Find Single slit diffraction width

In summary, the conversation discusses finding the slit width in a single-slit diffraction pattern using the equation a=m(lambda)D/y. The values provided in the problem are inconsistent with the values used in the equation, leading to a incorrect answer. The correct answer can be found by solving for a in the equation y_{5} - y_{1} = 0.400mm - resulting in a slit width of 0.001354mm.
  • #1
misunderstood
4
0
Ive been marked wrong but not sure why:

The distance between the first and fifth minima of a single-slit diffraction pattern is 0.400 mm with the screen 41.0 cm away from the slit, when light of wavelength 570 nm is used. Find the slit width.


y=m(theata)D/a

m-order = 5
D-distance from slit to screen = 0.43m
a-slit width = ?
y-distance from centre to minima = 0.000450 m

a=m(theata)D/y

((5)*(560x10^-9)*(0.43))/0.000450 = 2.6755x10^-3

The answer I got is 2.68x10^-3 but it's been marked wrong on the computer, is it me or is the answer correct??
 
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  • #2
I assume that by "theata" you actually mean the wavelength lambda.
I don't understand the values that you substitute into the equation; they don't match with the values you provided in the question at all.
 
  • #3
Im sorry the online test changes the values after you repeat the question

Ive changed it:
The distance between the first and fifth minima of a single-slit diffraction pattern is 0.450 mm with the screen 43.0 cm away from the slit, when light of wavelength 560 nm is used. Find the slit width.yes lambda as in wavelenght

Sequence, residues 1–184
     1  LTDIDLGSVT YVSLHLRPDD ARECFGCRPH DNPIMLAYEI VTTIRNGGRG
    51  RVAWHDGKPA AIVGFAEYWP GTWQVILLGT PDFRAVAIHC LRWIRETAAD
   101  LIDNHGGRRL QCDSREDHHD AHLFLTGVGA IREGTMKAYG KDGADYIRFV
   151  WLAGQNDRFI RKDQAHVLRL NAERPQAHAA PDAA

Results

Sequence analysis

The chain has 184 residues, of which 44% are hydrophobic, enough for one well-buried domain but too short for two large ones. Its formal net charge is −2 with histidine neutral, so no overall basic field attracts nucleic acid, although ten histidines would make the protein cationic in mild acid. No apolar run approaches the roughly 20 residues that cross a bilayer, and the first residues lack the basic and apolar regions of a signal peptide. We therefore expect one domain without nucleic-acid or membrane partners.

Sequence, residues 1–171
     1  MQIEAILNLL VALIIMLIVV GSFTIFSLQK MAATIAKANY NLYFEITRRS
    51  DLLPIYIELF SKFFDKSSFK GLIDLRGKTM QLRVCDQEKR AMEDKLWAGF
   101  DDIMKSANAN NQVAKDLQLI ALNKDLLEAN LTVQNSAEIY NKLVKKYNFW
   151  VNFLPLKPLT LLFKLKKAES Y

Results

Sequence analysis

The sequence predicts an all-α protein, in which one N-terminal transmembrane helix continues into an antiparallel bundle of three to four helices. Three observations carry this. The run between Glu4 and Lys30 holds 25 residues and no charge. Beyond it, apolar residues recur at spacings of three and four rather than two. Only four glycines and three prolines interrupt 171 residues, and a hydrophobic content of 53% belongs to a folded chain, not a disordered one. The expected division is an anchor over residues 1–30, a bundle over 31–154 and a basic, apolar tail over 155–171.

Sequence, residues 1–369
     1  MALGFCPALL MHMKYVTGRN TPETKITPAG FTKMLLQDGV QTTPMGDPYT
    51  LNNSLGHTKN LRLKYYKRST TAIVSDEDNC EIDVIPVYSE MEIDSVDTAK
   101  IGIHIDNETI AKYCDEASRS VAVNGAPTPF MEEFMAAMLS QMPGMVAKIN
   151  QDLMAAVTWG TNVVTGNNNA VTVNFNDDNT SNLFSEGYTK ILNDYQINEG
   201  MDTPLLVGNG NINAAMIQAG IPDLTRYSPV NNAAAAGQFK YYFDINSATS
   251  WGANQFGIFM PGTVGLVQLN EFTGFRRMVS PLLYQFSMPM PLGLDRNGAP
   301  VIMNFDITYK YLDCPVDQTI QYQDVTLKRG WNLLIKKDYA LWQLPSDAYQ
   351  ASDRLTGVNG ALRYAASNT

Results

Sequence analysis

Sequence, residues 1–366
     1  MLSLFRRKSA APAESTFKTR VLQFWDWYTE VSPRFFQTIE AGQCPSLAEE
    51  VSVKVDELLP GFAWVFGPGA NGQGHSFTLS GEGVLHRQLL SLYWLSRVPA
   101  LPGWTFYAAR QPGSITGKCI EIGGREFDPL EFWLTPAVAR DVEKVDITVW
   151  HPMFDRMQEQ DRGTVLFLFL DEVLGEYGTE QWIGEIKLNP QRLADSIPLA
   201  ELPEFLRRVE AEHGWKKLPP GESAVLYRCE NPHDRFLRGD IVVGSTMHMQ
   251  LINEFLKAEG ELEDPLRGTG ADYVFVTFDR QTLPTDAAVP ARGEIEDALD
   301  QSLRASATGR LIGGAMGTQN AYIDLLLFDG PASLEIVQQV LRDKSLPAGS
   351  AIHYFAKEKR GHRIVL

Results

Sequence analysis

• #4
The value that you used is the distance of the 5th maxima from the origin (0th order maxima), and not the distance between the 1st and 5th maximas (or minimas - the distance is the same).
[tex]
y_{5} - y_{1} = 0.400mm
[/tex]

[tex]
\frac{5 \lambda D}{a} - \frac{1 \lambda D}{a} = 0.400mm
[/tex]
You can do the rest of the math.
 
  • #5
thankyou
 

Related to Find Single slit diffraction width

1. What is single slit diffraction and why is it important in science?

Single slit diffraction is a phenomenon in which light passing through a narrow slit is diffracted, or spread out, into a pattern of light and dark fringes. It is important in science because it allows us to study the behavior of light and understand the wave nature of light.

2. How is the width of a single slit diffraction pattern determined?

The width of a single slit diffraction pattern can be determined using the equation w = λL/d, where w is the width of the central maximum, λ is the wavelength of light, L is the distance between the slit and the screen, and d is the width of the slit. This equation is known as the single slit diffraction formula.

3. What factors affect the width of a single slit diffraction pattern?

The width of a single slit diffraction pattern is affected by several factors, including the wavelength of light, the width of the slit, and the distance between the slit and the screen. The wider the slit, the narrower the central maximum will be. Similarly, the shorter the wavelength of light, the wider the central maximum will be. As the distance between the slit and the screen increases, the width of the central maximum decreases.

4. How does the single slit diffraction pattern change when the width of the slit is increased?

When the width of the slit is increased, the central maximum of the single slit diffraction pattern becomes wider and the intensity of the fringes decreases. This is because a wider slit allows more light to pass through, resulting in a broader diffraction pattern. Additionally, more interference occurs between the diffracted waves, causing the intensity to decrease.

5. What is the practical application of single slit diffraction?

Single slit diffraction has many practical applications, including in optical instruments such as microscopes and telescopes. It is also used in spectroscopy to analyze the wavelengths of light emitted by different sources. Additionally, single slit diffraction is used in the fabrication of diffraction gratings, which are used in many optical devices such as spectrometers and laser printers.

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